Fair. Balanced. American.

Monday, May 14, 2012

Some thoughts on the latest CBS/New York Times poll

With the usual caveat that this is just registered voters, no likely voter screen. Some are arguing for a GOP advantage of as much as 6 points for likely voters versus registered, though I would limit it 2%, which at this moment, looks pretty damn crucial.

1. Obama's job approval in this poll is exactly 50%. If registered voters matche likelies, that would mean Romney has no shot at all. But when the disapproval rating is 48%, all that proves is that this could turn on a dime. Add the problem of turnout, and we're at the razor's edge. And here's a striking thing: Obama is not getting re-elect numbers that match job approval. Chalk it up to the GOP's "Obama's a nice guy who's in over his head" rhetoric or something else, but Romney is beating him 46-43, even though the President has a 50% job performance number. Something here is not computing. Strangely, in this poll, Obama's favorables are 45-45. So this is either an anomaly or a sign that job approval numbers might not be the go-to in this election that they ordinarily are.

2. The rating for the economy (31% say fairly good, while 39% say fairly bad and 28% very bad) is disturbing. But these are also the best numbers in Obama's entire presidency. Crucially, the previous top number came just one month ago. So something is definitely happening out there, fragile as it might be. But it's also worth noting that amalgamated "good" numbers for Bush in 2004 were close to 55%.

3. 36% say the economy is improving. Those are better numbers than any recorded in 1992, 1996, 2000, 2004 or 2008. They are close to a high water mark for the President, but there was a brief moment, from late 2009 to early 2010, where he did a bit better.

4. 19% of Americans are either undecided on Romney and 12% claim they haven't heard enough. That's 31% of the country that can be affected by negative campaigning, which is another reason that if you have money to spend on campaigning, Priorities USA might be an excellent direction to send it towards.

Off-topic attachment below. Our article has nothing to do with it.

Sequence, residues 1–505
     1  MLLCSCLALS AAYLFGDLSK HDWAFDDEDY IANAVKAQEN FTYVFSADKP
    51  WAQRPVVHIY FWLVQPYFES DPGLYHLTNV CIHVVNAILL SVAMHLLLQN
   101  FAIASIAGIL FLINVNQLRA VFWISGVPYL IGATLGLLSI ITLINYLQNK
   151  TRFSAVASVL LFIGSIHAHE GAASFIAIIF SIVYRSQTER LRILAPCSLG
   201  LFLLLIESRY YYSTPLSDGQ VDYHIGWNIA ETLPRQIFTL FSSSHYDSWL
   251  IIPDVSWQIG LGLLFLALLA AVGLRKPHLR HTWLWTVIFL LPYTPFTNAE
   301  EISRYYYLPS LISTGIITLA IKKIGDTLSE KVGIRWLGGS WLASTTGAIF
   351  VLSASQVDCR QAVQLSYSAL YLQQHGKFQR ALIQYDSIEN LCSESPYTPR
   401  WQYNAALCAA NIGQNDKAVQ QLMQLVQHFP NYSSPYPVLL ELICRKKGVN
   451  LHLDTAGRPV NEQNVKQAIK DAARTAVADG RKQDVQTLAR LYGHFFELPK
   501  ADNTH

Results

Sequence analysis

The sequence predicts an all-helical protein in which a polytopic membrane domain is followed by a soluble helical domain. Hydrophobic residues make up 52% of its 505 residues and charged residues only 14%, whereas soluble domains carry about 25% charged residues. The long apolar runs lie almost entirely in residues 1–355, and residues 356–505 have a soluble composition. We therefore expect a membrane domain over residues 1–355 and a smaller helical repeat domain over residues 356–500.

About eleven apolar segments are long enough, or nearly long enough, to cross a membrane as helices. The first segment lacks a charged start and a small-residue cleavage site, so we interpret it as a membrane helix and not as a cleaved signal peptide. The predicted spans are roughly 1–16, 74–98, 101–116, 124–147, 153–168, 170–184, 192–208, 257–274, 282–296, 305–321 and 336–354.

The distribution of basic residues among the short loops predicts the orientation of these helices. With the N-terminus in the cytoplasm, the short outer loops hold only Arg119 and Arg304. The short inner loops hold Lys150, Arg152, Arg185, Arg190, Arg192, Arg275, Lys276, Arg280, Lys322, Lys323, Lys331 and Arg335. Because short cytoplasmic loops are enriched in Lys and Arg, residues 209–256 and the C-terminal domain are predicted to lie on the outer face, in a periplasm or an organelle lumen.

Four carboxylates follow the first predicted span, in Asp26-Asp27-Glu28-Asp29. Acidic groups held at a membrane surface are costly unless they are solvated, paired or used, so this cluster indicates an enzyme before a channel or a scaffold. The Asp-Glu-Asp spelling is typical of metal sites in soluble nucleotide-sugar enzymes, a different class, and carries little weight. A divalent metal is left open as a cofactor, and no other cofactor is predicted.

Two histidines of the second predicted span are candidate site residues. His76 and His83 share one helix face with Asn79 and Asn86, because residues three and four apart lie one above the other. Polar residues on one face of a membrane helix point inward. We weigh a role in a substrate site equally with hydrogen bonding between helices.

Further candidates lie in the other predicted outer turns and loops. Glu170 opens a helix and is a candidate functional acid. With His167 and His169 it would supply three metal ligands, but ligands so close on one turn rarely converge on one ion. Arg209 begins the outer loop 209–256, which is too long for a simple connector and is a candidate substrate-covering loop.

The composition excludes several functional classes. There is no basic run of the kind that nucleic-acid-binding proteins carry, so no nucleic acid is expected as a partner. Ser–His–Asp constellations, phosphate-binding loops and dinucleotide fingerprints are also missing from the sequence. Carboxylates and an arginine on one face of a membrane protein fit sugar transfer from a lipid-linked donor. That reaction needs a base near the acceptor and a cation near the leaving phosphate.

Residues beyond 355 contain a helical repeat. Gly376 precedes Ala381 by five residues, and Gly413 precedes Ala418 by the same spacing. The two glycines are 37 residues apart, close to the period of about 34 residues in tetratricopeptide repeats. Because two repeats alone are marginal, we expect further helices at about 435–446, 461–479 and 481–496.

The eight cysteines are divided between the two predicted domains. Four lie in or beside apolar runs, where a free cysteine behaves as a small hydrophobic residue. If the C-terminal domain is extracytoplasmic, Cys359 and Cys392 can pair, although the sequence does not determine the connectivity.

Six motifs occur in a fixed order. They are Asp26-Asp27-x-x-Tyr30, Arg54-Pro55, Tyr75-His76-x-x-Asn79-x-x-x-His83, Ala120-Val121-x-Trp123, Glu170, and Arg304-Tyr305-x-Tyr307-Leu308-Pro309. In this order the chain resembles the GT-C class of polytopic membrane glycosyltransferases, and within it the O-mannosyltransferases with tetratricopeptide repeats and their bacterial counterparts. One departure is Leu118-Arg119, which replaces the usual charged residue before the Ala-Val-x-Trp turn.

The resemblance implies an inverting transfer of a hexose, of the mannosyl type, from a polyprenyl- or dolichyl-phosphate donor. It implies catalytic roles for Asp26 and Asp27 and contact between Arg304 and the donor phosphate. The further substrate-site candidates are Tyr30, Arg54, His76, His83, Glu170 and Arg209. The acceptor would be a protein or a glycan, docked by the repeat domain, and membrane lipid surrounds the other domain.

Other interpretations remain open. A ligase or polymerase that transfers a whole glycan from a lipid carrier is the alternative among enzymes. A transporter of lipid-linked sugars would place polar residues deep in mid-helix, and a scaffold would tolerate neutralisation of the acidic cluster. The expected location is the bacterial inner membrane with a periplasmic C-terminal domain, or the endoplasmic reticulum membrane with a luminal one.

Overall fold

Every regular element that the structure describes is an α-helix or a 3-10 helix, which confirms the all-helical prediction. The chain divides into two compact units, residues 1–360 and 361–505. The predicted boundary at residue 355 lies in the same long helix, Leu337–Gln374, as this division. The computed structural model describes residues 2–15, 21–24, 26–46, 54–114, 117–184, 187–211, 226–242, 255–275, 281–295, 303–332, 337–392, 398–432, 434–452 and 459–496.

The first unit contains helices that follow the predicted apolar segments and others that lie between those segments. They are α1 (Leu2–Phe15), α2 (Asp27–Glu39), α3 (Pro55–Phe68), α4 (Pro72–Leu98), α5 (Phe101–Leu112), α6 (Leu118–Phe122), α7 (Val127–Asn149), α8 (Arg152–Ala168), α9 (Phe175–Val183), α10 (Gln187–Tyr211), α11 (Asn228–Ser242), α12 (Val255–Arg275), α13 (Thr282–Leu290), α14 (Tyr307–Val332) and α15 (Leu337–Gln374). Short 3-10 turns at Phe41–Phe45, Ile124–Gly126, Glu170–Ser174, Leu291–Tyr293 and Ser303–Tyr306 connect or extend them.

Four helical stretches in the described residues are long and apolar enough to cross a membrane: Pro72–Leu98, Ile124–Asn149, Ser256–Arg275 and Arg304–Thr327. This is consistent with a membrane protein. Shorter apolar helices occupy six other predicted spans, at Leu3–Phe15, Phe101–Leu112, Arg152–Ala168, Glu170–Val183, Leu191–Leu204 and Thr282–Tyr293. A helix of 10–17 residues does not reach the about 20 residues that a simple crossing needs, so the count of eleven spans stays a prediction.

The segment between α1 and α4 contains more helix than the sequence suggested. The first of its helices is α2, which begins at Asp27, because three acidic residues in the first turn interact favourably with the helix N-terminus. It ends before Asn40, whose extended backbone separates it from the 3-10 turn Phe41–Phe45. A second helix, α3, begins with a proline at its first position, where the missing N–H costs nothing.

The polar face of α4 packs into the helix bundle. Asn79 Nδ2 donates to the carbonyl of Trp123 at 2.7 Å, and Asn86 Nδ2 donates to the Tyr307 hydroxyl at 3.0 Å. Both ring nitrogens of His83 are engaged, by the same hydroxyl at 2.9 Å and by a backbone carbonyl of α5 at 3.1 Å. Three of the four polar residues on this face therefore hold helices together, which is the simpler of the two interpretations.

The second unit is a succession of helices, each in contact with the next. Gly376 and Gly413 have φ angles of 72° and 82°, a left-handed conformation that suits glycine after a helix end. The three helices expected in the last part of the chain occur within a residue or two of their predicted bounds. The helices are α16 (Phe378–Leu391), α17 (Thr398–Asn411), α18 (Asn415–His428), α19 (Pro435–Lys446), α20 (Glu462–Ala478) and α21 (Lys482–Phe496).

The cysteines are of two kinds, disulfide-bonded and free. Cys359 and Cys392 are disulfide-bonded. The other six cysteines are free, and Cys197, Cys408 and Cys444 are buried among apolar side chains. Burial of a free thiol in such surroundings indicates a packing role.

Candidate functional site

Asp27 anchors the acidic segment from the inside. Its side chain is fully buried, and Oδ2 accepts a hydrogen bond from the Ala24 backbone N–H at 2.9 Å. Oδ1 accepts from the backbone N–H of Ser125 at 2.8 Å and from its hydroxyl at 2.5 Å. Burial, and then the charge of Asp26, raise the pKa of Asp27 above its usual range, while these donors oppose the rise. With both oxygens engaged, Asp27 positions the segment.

5. The headline is that "more Americans favor gay marriage." But the numbers are 38-31, with 24% supporting civil unions. Civil unions supporters are not necessarily Obama voters, since they don't favor full equality. They could very well be right-leaning Northeastern, Mid-Atlantic, and Western independents. And indeed, if pushed and not given the option of civil unions, 51% of Americans say same sex marriage should not be legal, with 42% saying it should be. 50% favor a federal marriage amendment.

6. 69% now say they have a "work colleague, close friend, or relative who is gay or lesbian," an all time record.

7. So to summarize, danger all around. I'd suggest that the President's team go massively negative on Romney's economic record, particularly in Ohio, Virginia and Pennsylvania. To the degree that those states are safe, it's hard to see a path to victory for Romney, even with a small popular vote victory. Indeed, one of the big unknowns on gay marriage is its regional background. If there are supermajorities against it in the South and non-Pacific West, that may not hurt the President much where he actually needs to win.

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